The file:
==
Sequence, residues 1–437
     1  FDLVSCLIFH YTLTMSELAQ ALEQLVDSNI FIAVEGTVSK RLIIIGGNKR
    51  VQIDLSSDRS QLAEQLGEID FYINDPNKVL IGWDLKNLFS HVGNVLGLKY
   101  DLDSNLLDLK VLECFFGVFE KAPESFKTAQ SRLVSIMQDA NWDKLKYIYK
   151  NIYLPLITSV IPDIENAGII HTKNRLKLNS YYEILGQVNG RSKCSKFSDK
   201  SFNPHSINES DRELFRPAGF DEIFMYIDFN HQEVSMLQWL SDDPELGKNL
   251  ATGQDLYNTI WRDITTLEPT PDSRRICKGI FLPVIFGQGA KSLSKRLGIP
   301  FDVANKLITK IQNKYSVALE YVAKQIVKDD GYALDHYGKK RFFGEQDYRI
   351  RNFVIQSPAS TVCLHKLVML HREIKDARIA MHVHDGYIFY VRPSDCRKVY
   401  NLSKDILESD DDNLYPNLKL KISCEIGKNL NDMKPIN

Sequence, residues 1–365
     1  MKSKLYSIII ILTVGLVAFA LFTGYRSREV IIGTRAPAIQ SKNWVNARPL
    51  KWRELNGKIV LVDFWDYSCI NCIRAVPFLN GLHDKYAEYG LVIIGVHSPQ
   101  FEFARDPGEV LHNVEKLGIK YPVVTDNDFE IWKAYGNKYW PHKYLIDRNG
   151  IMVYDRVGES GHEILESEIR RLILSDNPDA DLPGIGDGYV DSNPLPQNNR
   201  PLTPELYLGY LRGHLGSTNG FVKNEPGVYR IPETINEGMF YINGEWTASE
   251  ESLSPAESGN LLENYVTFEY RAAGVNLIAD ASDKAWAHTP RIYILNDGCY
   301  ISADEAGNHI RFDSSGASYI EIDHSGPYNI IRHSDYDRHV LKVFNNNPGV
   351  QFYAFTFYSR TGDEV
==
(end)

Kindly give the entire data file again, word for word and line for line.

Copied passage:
Sequence, residues 1–437
     1  FDLVSCLIFH YTLTMSELAQ ALEQLVDSNI FIAVEGTVSK RLIIIGGNKR
    51  VQIDLSSDRS QLAEQLGEID FYINDPNKVL IGWDLKNLFS HVGNVLGLKY
   101  DLDSNLLDLK VLECFFGVFE KAPESFKTAQ SRLVSIMQDA NWDKLKYIYK
   151  NIYLPLITSV IPDIENAGII HTKNRLKLNS YYEILGQVNG RSKCSKFSDK
   201  SFNPHSINES DRELFRPAGF DEIFMYIDFN HQEVSMLQWL SDDPELGKNL
   251  ATGQDLYNTI WRDITTLEPT PDSRRICKGI FLPVIFGQGA KSLSKRLGIP
   301  FDVANKLITK IQNKYSVALE YVAKQIVKDD GYALDHYGKK RFFGEQDYRI
   351  RNFVIQSPAS TVCLHKLVML HREIKDARIA MHVHDGYIFY VRPSDCRKVY
   401  NLSKDILESD DDNLYPNLKL KISCEIGKNL NDMKPIN

Sequence, residues 1–365
     1  MKSKLYSIII ILTVGLVAFA LFTGYRSREV IIGTRAPAIQ SKNWVNARPL
    51  KWRELNGKIV LVDFWDYSCI NCIRAVPFLN GLHDKYAEYG LVIIGVHSPQ
   101  FEFARDPGEV LHNVEKLGIK YPVVTDNDFE IWKAYGNKYW PHKYLIDRNG
   151  IMVYDRVGES GHEILESEIR RLILSDNPDA DLPGIGDGYV DSNPLPQNNR
   201  PLTPELYLGY LRGHLGSTNG FVKNEPGVYR IPETINEGMF YINGEWTASE
   251  ESLSPAESGN LLENYVTFEY RAAGVNLIAD ASDKAWAHTP RIYILNDGCY
   301  ISADEAGNHI RFDSSGASYI EIDHSGPYNI IRHSDYDRHV LKVFNNNPGV
   351  QFYAFTFYSR TGDEV